While excavating in the North Western region of Kutch, the relics of Indus valley civilization are found. The language spoken in Kutch, the Kutchi dialect, is very similar to the Sindhi language. People of Kutch had more trading relations with Karachi and Sindh and less with Gujarat or Saurashtra before Independence. The Shepherds of North Western region of Kutch – of Lakhpat, Abdasa, Banni, regularly migrated to Sindh during famine and returned when the season changed.

Apart from clear indications in the Rig Veda and Mahabharata, there is a mention that King Alexander had travelled on the banks of Indus, till Kutch in 325 BC.

Additionally, Al Baruni, Colonel Toad, and Captain Raika have also mentioned vibrant Kutch culture in their travelogues. In the map, illustrated in” Memories of Leftenant Burns” written in 1831, post the 1819 earthquake, the Kutch region is shown as the Eastern Mouth of Indus.

Infact, it is clearly mentioned in the Indus Water Treaty, signed by the President of Bharat on the 28th December 1960, that Kutch is a part of the Indus Basin.

But, all these while, Kutch has remained arid and dry landmass and has not received any benefits from Indus System’s water that flourishes Pakistan.

Firstly, the most significant question that arises in the minds of today’s generation, is unjust distribution of water between Bharat and Pakistan. Pakistan has received nearly 84% of water share whereas Bharat has a meagre 16%.

Most of the terms agreed upon by Pandit Nehru, back in 1960’s have placed Bharat in difficult situations, by Pakistan.

At the time of counsel, during the formation of Indus Water Treaty, as per the international principles, laws and traditions, the insistence was laid upon providing benefit of water to the people residing on river banks, irrespective of consideration of national borders.

Accordingly, taking into account the geographical composition and the flow of water from the rivers, a design for exchange of water, had been laid out. Under that outline, a plan to assign water to Kutch from Kotri, situated on the Indus river in Jamshoro district in Sindh, Pakistan via canal. (The detailed study of this plan can be obtained from Sindhu Waters and Kutch by Mahesh Thakkar and Shashikant Thakkar) but somehow, the plan could not be executed due to mutual disagreements.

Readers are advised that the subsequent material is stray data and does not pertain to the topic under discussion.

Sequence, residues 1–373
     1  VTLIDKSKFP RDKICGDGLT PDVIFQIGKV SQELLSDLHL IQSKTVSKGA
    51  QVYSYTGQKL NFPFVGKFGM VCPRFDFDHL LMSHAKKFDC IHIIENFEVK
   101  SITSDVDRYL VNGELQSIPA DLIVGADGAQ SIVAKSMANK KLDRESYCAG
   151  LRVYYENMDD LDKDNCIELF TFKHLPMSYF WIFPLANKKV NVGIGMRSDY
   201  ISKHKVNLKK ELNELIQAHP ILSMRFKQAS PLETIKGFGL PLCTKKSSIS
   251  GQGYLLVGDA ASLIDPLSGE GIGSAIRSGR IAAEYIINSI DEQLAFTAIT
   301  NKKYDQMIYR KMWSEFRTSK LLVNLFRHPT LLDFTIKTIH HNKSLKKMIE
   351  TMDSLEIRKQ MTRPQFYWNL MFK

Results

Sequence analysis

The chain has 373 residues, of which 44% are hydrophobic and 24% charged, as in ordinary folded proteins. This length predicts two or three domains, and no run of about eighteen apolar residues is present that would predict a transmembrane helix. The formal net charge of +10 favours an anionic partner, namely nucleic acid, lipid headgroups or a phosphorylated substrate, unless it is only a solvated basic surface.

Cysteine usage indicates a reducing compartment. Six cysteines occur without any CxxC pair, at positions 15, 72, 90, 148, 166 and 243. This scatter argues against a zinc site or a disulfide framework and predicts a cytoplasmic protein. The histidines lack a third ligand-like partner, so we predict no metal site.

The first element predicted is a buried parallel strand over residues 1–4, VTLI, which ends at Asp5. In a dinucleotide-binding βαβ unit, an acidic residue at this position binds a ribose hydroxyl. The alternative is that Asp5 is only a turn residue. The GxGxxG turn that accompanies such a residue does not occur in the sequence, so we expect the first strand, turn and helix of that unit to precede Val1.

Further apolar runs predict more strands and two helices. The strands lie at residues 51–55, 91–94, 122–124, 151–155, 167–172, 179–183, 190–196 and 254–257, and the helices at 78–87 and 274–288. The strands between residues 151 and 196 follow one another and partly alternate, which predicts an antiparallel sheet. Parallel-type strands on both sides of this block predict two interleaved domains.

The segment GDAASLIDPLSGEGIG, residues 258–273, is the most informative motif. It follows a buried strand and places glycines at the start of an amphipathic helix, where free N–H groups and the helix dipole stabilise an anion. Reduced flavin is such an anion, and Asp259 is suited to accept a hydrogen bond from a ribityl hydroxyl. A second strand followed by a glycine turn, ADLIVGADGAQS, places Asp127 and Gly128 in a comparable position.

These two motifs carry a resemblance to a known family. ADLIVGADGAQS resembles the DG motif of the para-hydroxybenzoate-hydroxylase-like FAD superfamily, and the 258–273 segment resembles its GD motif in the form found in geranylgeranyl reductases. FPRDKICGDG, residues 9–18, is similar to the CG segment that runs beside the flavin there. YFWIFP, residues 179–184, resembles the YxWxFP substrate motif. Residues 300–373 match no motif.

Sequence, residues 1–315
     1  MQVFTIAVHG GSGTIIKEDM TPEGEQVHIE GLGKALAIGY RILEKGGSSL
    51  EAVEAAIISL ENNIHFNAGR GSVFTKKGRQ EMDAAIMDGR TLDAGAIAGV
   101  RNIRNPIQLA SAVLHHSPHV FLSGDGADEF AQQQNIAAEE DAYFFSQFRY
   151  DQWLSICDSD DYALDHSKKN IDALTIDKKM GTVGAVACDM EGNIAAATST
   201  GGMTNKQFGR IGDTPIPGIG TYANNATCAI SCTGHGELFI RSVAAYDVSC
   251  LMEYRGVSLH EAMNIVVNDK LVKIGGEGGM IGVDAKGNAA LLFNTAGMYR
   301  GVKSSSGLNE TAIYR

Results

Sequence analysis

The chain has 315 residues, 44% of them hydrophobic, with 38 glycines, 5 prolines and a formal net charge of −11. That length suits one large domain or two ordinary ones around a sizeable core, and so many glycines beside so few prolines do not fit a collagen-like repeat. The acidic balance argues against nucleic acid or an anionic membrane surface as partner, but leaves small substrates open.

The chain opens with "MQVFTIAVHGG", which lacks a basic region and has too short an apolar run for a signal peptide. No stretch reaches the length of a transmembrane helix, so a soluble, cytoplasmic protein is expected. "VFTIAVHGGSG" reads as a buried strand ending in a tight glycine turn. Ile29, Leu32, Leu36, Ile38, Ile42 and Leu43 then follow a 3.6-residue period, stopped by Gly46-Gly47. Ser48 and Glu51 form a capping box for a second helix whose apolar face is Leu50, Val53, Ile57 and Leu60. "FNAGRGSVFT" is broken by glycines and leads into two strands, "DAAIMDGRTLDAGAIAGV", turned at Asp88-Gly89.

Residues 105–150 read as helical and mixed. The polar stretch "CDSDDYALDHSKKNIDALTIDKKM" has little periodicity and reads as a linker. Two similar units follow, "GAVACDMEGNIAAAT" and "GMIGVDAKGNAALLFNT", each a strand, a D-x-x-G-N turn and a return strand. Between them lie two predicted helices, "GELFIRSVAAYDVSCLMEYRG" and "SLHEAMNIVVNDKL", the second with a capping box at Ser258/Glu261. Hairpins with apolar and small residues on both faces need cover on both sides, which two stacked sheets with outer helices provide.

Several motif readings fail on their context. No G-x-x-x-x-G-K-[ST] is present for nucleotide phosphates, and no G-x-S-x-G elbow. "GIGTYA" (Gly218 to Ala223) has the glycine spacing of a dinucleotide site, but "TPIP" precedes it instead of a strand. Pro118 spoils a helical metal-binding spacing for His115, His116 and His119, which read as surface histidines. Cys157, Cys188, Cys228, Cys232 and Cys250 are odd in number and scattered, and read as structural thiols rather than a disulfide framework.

And, for years, Kutch remained thirsty and parched as well as barren land, victim of political antagonism.

It’s a fact that history doesn’t lie. It presents a mirror image of our mindset and actions. Glancing over the history of Seventy Five years of independence and partition before, it is ironic that in order to obtain freedom from British clutches, Bharat has had to pay a huge price.

Pakistan, since its formation has acted with animosity towards Bharat and adopted stubbornness and embroilment, in solving any mutual issues.

Unfortunately, Pandit Nehru in initial years as Prime Minister, remained an idealist and pawn of global opinion. Hence, had to bow down beyond justice, to the designs of Britain and the other developed nations.

More unfortunately, the long lineage of Governments that came to power till recent years, hardly paid any attention towards solving this colossal unjust distribution of water.